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PQ 3. Unemployment—Prime Minister’s Statements

3. Unemployment—Prime Minister’s Statements

[Sitting date: 29 July 2014. Volume:700;Page:2. Text is subject to correction.]


3. Hon DAVID CUNLIFFE (Leader of the Opposition) to the Prime Minister : Does he stand by his statement that there are “plenty of jobs out there”; if so, why are there 42,000 more people unemployed now than when he took office?

Rt Hon JOHN KEY (Prime Minister): I can certainly see why that member would be worried about unemployment. But to the first part of the question, yes. According to ANZ, 38,000 job advertisements appeared in the newspaper and on the internet in the month of June, up by almost 6 percent over the previous month. To the second part of the question, more people are looking for work and, subsequently , more people are becoming employed. Since we took office, over 100,000 more people have become employed. The combination has pushed New Zealand’s participation rate to 69.3 percent, which is the highest it has ever been since the household labour force survey began, and significantly higher than in Australia.

Hon David Cunliffe : Given that the Prime Minister seems to think that unemployment is a joke, can he confirm that the number of jobless is now 50,000 higher today and that there are more jobless in every region of the country except Canterbury?

Rt Hon JOHN KEY : No, I cannot confirm that. What I can confirm is that there are 100,000 more people with jobs. As I said, I congratulate the member on getting through caucus—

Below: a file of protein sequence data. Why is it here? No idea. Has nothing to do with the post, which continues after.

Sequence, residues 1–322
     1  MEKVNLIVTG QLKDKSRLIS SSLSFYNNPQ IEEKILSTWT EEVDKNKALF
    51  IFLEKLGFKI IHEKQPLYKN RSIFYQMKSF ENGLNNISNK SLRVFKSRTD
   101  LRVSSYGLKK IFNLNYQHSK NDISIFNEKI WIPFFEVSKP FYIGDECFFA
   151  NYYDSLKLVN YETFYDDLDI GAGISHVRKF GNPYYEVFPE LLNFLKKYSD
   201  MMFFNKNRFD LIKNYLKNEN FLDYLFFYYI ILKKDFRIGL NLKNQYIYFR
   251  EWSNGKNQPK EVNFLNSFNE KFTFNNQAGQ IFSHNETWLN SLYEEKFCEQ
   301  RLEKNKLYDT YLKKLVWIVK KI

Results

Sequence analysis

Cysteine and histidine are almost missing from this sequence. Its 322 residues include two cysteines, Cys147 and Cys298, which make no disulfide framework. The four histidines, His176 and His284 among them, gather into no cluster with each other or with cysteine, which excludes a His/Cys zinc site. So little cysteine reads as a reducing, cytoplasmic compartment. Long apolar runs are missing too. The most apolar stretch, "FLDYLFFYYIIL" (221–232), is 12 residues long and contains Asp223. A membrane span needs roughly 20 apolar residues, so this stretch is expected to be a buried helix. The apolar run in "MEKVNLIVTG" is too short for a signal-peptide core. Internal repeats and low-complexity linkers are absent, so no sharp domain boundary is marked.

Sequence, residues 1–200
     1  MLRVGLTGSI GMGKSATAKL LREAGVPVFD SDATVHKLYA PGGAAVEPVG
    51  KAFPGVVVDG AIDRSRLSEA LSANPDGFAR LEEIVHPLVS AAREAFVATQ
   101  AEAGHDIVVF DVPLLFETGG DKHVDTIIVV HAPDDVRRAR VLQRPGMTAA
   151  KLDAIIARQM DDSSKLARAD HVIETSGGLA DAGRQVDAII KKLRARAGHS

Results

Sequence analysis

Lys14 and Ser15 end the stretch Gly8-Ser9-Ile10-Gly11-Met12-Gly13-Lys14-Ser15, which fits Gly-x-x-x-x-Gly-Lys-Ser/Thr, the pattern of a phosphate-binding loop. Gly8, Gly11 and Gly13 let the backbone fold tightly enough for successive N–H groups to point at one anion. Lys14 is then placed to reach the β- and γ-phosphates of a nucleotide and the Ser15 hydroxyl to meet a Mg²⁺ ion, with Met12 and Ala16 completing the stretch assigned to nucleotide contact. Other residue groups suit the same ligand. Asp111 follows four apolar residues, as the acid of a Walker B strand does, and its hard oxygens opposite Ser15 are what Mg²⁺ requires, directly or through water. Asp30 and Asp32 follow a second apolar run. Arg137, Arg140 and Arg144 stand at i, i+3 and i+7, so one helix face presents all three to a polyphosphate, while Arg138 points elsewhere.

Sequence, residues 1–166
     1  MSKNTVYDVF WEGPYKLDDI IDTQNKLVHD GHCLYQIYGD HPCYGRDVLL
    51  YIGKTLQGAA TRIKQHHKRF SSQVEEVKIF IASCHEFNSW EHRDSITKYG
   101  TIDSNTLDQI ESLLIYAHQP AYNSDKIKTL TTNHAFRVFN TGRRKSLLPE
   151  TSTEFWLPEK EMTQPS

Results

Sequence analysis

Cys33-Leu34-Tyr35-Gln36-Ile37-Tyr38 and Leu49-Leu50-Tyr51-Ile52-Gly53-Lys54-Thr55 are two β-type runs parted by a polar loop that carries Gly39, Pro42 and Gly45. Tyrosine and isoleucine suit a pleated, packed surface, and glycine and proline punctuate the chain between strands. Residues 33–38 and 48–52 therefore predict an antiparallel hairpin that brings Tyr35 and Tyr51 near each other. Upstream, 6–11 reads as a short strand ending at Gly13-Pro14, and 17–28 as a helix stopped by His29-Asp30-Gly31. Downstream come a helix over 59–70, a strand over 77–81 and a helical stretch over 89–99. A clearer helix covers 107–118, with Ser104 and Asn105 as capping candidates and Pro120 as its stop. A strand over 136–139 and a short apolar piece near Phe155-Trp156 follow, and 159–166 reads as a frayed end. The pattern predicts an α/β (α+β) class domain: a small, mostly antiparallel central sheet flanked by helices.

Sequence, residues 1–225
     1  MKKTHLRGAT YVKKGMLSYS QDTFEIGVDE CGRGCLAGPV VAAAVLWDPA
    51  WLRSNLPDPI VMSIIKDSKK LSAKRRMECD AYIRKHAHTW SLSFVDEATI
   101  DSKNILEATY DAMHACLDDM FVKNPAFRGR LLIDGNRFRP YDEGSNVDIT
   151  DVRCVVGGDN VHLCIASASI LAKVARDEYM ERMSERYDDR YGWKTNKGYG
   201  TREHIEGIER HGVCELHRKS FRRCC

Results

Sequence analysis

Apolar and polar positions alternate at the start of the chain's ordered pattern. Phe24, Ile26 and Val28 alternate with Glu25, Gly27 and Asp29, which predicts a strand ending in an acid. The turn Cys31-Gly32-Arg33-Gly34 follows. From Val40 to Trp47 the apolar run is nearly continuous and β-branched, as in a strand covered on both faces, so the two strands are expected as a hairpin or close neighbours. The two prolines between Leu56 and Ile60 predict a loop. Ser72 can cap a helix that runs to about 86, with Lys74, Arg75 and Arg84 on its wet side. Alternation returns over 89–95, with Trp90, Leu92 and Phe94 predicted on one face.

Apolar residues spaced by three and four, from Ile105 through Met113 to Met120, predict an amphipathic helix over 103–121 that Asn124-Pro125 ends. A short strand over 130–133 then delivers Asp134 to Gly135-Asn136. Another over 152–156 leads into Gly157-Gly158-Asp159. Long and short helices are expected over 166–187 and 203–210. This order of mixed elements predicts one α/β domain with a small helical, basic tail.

Mr SPEAKER : Order! That will not help.

Hon David Cunliffe : Does his definition of getting more people into jobs include by fair means or foul getting the ACT candidate for Epsom a job; if so, what will poor old Paul Goldsmith do for one?

Rt Hon JOHN KEY : We will see what the voters decide—we will see what the voters decide. All I do know is that on this side of the House people support the person who is the leader; on that side of the House they do not.

Hon David Cunliffe : Why is he finding a job for Peter Dunne in the Ōhariu electorate rather than campaigning for his own candidate, when Peter Dunne has never denied that he is the leaker of a sensitive classified document, or is that just “#teamleak”?

Rt Hon JOHN KEY : What the Government is doing is making sure that New Zealanders are clear about both the direction we are taking the country and whom we will work with. The member might have some credibility if he was prepared to rule out Kim Dotcom and working with that party, but he will not. As I said, if the member really wants to be seriously focused on the issues that matter, he should focus on his own job, because what I keep hearing is that they are counting up the heads—

Mr SPEAKER : Order! That answer is sufficient.

Hon David Cunliffe : Given that the Prime Minister is quoted as saying he thinks ACT’s three-strikes bill is “good policy ”, why is he keeping Nick Smith in a job, when he struck one with a letter he wrote for Bronwyn Pullar to ACC, struck two with the Ruataniwha Dam, and now has struck three by attacking Fish and Game New Zealand for its statutorily required role?

Rt Hon JOHN KEY : Firstly, I do not think the member should believe everything he hears on Radio New Zealand or reads in the paper. Secondly, if this is what Vote Positive looks like, I would hate to think what “Vote Negative” looks like. Oh, that is right, I know that: it is called the Labour Party caucus this morning. That was—

Mr SPEAKER : Order! [Interruption] Order!

Hon David Cunliffe : Why is the Prime Minister keeping the Minister of Transport in his job when he is currently being investigated by his own officials for allegedly breaching the law and causing an airport security risk?

Rt Hon JOHN KEY : They are not his own officials. There is an independent investigation going on, and I am not going to taint that investigation. But, as I say, it is good to see that Labour members kept the vote positive for a couple of days. All I can say is maybe they will need to go and change the billboards .

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